Sheetmusicplus.com
    PR.416414950 • $28.99 • full score (small) • click to order
    PR.41641495L • $50.99 • full score (large) •
    click to order

    ONLINE PERUSAL SCORE
    https://issuu.com/theodorepresser/docs/inner-demons-score

    COMMISSIONER
    Peter Austin and
    Music in the Loft Concert Series

    PROGRAM NOTES

    Inner Demons depicts a man as he loses his mind. This piece contains four themes: a tarantella, a demented waltz, a scherzo, and the Appalachian folk hymn “The Wayfaring Stranger”. The themes are stated quite briskly until arriving at the hymn. This theme consumes the man; it destroys his mind and he melts down. As his mind is slowly rebuilt, his thoughts become increasingly chaotic, until elements of all four themes are heard simultaneously. Inner Demons is an arrangement of the third and second movements (in this order) of my String Quartet No. 2: Demons and Angels.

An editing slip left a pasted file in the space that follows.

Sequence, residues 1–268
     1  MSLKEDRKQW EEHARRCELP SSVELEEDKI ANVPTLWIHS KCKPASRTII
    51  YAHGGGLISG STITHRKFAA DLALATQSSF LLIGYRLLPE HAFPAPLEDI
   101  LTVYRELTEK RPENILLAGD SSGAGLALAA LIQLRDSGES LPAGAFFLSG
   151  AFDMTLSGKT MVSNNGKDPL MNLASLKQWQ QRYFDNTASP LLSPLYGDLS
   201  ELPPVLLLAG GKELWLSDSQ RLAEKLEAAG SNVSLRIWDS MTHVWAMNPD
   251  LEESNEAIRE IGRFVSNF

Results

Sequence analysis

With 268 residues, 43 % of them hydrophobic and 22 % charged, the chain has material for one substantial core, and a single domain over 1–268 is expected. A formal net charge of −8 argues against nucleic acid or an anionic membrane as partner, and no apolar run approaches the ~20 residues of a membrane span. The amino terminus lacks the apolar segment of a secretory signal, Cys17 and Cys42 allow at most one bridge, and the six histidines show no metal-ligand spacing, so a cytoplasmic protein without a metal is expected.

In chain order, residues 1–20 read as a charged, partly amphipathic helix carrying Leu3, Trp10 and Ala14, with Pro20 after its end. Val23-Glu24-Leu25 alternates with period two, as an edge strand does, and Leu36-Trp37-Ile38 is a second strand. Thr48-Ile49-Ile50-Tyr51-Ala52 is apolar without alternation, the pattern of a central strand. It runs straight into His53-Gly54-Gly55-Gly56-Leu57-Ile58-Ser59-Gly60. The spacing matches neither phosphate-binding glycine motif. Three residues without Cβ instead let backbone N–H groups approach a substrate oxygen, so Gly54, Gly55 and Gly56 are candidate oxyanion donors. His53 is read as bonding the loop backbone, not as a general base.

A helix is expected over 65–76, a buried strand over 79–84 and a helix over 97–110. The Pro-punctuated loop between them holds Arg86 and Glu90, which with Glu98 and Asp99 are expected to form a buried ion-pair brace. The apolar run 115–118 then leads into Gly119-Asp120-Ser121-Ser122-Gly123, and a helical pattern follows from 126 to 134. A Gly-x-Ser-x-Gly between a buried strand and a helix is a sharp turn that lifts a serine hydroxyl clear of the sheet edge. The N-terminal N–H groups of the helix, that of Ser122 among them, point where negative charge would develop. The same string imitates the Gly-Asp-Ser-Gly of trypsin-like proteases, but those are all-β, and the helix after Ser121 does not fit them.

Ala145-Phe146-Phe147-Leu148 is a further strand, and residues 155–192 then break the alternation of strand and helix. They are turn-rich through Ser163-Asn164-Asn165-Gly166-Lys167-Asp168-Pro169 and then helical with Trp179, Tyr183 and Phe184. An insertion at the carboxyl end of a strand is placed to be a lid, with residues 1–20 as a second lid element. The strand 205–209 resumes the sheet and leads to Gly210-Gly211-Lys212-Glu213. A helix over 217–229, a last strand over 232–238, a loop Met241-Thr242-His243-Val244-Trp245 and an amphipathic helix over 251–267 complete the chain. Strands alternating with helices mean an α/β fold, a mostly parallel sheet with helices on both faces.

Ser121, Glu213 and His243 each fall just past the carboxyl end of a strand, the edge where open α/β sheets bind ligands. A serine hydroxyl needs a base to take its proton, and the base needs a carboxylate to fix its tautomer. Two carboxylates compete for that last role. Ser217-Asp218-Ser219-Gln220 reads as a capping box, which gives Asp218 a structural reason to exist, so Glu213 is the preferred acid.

-S.G.
  • Krakatoa (2017) 20’ • solo viola, strings, percussion Enter description here.
    INSTRUMENTATION
    Solo viola, strings (suggested size: 12,10,8,6,4), timpani, 3 percussion

    Mvmt. 1: Imminent
    Mvmt 2: Eruption

    Mvmt. 3: Dormant

    VIDEO
    Michael Hall, viola, and the Bandung Philharmonic; Robert Nordling, conductor

    Krakatoa was commissioned by the Barlow Endowment for violist Michael Hall and maestro Robert Nordling, who will premiere the piece with the Bandung Philharmonic in January 2018, as well as perform it with the Baroque on Beaver Music Festival in the summer of 2018. After these premieres, the piece will be available for anyone to program.

    COMMISSIONER
    Barlow Endowment for Music Composition at Brigham Young University

    PROGRAM NOTES